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New code: How your investments will be taxed

Last updated on: September 7, 2009 

New code: How your investments will be taxed

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Sunil Dhawan

Are you one of those who go through their weekly astrological forecasts in your newspaper or favourite television channel on Sundays? If forecasts didn't predict the news of an impending transformation in your financial world, you have obviously been wasting your time.

For, on August 2009, Finance Minister Pranab Mukherjee unveiled the Direct Taxes Code Bill, 2009, to be introduced in Parliament later this year.

If enacted, the Bill will not only change the amount of tax you will pay and how but will also transform how you invest, borrow and spend your money. The finance minister successfully managed to make good his promise made during his 6 July Budget speech -- of ushering in a new direct tax code within 45 days.

Unlike his rather insipid Budget proposals, this time Mukherjee has brought in a transformational blueprint of a new tax system, the analysis of whose impact can only make jaws drop.

If one were to describe the system in short, it has tried to simplify the way you will be taxed while taking away most tax-breaks that ultimately complicated yours and the government's life.

Among other things, the Code attempts to provide stability in 'rates of taxes' by bringing them within its own fold.

At present, the tax rates come under the Finance Bill and, thus, are open to change every Budget. Any amendments in the rates of taxes as mentioned in the Code would call for amendments in Parliament, which cannot happen on a regular basis.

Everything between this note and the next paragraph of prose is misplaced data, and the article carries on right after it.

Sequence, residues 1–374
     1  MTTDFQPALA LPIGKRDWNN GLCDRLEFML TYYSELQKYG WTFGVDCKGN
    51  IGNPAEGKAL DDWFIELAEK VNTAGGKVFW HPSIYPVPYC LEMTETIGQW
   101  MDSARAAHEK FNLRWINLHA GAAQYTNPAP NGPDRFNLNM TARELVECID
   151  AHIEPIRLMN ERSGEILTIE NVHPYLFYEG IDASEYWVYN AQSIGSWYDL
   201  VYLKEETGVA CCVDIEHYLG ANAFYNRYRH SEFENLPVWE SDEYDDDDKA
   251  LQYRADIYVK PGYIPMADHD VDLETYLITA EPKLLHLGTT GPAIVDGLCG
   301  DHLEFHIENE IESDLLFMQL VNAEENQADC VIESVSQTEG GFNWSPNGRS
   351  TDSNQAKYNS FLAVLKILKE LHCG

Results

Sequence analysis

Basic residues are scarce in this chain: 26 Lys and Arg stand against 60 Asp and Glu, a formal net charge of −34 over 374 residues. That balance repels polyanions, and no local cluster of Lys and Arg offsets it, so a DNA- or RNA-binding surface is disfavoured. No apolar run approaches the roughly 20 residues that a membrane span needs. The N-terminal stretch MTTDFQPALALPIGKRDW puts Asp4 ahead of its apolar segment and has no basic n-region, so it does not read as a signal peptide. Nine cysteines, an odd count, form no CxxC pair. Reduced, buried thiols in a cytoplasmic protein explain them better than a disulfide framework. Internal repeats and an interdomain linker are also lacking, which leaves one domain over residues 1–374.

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(SEE IMAGE) How much tax do you pay now: Here are the tax rates that are applicable as per the Budget 2009 for financial year 2009-10 depending on your income and the category you fall into.

The unveiling of the Direct Taxes Code will be followed by public debates before Parliament debates it. It will not be before financial year 2011-12 that this tax code will be put in place, if passed by Parliament.

Even as experts examine the finer details of the revolutionary proposals of the new tax code, we have enough information to make you aware of the impending radical changes in your personal finances.

The hand that giveth

One of the hallmarks of the new tax system is the substantial expansion of income slabs.

For instance, for an individual, annual incomes up to Rs 1.60 lakh (Rs 160,000) would be tax-exempt, a 10 per cent tax rate would be applicable for incomes between Rs 1.60 lakh and Rs 10 lakh (Rs 1 million), 20 per cent for income between Rs 10 lakh and Rs 25 lakh (Rs 2.5 million), and 30 per cent for income above Rs 25 lakh.

All this will mean significant tax savings when the Code comes into force.



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New code: How your investments will be taxed

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(SEE IMAGE) How much tax you may pay in future: The tax rates that could apply under the proposed Direct Taxes Code Bill, 2009, in financial year 2011-12. Note here that the income slabs have been stretched, bringing down the tax liability.

The present income slabs are much narrower and the tax liability is significantly higher.

Says Vikas Mallan, chief financial officer, Unicon Financial Intermediaries, "Under the proposed Direct Taxes Code, the slabs have been significantly enhanced to take into account realistic income levels."

The hand that taketh away

If generosity marks the changes in income tax slabs, its absence marks other areas. Says Sanjay Grover, tax partner, Ernst & Young, "Currently exempt allowances and benefits such as leave travel assistance and medical reimbursements would be fully taxable under the Code."

There's more grief in store for tax-saving junkies. Prepare to sing a requiem for the existing tax benefit for interest payment on home loans with an annual limit of Rs 1.5 lakh (Rs 150,000) per individual.

This critical driver of the recent real estate boom will be withdrawn if the Direct Tax Code Bill is implemented. But if you have rented out your home that you don't occupy, you will continue to get the existing tax break for unlimited tax deductions for interest payments on loans taken to acquire it.

At the same time, removal of deduction for house rent allowance (HRA) has been proposed.



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New code: How your investments will be taxed